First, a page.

Even given the hundreds of DVD releases with thousands of documentaries and behind-the-scenes featurettes, it wouldn't be difficult to mount an argument that the multi-disc Lord of the Rings Extended Edition sets are the most insightful and informative releases in all of home video history. Back on VHS, Lucas pioneered making-of supplemental materials when he released an impossibly expensive widescreen box set for Star Wars, and of course the laserdiscs offered plenty of inside information as well. But at a time when computer-generated special effects were colliding with unprecedented consumer interest in not just watching but owning seemingly every single movie, the Lord of the Rings releases galvanized audience interest in the filmmaking process with the true meaning of added-value content in a way that few other releases have before or since.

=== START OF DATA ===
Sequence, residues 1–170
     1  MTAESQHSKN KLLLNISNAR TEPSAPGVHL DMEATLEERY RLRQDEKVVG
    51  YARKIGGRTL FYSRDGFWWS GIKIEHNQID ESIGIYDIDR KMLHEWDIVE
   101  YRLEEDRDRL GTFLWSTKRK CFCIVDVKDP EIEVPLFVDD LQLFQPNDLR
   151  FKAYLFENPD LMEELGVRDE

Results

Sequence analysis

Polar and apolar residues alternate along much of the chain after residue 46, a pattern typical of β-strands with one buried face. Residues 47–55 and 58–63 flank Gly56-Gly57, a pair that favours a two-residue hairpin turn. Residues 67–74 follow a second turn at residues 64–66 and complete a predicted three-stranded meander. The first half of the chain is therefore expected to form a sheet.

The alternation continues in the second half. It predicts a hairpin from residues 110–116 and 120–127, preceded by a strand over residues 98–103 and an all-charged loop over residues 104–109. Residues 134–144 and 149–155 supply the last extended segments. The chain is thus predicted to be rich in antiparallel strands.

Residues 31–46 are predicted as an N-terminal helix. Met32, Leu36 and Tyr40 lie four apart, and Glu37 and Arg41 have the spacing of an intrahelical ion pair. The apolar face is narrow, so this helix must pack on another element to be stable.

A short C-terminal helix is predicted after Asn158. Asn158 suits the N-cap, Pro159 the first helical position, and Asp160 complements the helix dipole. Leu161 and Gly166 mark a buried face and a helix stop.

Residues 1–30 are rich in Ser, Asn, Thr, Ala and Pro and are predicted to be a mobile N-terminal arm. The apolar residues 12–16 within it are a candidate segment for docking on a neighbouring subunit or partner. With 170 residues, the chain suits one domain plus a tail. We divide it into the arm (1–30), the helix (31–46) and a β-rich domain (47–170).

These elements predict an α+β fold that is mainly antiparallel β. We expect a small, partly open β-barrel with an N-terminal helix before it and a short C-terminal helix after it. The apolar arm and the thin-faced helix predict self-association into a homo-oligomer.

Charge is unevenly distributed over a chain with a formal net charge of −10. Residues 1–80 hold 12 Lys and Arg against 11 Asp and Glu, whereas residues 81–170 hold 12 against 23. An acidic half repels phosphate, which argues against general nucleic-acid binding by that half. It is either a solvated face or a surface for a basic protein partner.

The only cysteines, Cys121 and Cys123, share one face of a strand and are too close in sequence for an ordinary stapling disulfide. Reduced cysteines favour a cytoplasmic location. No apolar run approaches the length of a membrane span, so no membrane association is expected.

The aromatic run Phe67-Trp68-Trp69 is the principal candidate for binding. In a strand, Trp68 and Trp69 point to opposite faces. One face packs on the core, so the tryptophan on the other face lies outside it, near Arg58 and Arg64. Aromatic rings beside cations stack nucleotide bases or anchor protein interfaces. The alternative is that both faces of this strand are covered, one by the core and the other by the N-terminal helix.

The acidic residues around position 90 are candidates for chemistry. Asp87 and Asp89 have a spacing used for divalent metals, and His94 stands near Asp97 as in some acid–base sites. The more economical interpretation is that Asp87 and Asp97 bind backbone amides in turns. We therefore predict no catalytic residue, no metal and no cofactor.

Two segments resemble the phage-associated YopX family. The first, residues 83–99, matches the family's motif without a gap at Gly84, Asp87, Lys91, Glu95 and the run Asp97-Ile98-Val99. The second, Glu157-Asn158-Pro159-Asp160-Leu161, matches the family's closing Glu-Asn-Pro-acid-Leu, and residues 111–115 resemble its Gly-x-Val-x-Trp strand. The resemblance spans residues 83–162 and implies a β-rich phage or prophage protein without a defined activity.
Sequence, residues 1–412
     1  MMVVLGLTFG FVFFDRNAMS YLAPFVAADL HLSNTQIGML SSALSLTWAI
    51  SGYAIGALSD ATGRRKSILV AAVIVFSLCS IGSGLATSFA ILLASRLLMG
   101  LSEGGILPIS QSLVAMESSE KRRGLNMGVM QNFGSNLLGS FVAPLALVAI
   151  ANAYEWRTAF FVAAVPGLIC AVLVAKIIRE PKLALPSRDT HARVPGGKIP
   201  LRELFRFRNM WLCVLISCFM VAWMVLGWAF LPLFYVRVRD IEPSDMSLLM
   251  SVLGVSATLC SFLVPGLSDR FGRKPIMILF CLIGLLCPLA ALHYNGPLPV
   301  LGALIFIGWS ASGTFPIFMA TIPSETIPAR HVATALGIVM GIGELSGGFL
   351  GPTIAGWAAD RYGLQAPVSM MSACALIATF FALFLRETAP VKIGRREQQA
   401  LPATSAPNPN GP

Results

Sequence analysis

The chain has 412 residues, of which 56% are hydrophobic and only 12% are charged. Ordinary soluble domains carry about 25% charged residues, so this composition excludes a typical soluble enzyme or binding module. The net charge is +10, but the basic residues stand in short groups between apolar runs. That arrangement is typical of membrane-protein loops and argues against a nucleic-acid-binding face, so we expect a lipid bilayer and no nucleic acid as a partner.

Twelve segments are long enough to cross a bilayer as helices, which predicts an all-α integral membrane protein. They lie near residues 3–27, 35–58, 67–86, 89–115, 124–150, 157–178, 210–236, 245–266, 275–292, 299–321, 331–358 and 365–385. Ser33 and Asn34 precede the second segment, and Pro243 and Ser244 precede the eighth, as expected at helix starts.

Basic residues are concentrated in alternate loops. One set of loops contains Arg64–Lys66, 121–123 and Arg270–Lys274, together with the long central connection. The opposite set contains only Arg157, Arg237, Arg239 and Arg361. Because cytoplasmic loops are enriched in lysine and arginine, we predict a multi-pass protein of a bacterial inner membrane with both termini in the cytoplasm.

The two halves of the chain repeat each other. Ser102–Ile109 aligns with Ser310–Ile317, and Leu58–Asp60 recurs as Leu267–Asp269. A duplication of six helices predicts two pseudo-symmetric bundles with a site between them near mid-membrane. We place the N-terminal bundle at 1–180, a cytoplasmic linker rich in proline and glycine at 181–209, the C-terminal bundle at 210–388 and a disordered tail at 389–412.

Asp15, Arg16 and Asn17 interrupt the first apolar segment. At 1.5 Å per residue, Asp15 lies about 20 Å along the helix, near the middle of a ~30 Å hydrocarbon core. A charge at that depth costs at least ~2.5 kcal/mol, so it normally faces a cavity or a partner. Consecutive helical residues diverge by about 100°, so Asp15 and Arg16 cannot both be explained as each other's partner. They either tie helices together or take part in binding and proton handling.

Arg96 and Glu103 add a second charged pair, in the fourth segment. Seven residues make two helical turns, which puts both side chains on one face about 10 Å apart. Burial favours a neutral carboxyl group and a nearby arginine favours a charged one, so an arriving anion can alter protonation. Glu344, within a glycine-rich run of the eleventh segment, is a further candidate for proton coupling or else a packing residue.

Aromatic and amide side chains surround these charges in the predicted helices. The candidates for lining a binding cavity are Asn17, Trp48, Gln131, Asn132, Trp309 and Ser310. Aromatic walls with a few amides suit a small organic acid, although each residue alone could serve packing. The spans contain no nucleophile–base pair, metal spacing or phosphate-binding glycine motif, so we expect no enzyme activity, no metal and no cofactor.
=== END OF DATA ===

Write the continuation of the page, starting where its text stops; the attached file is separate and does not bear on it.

All of which is why the release of the new Lord of the Rings – The Motion Picture Trilogy box set may inadvertently provide a second, decidedly sadder benchmark in home video history: the moment when those same consumers seriously began to question what was "added" in added-value releases. Bereft of any new content, not to mention the lion's share of the meatier bonus content from previous releases, the high-definition debut of these three films only serves as a reminder that there may be only so much to say about a movie series, even one as beloved as this, before its continued popularity is more about making money than in maintaining a lasting legacy.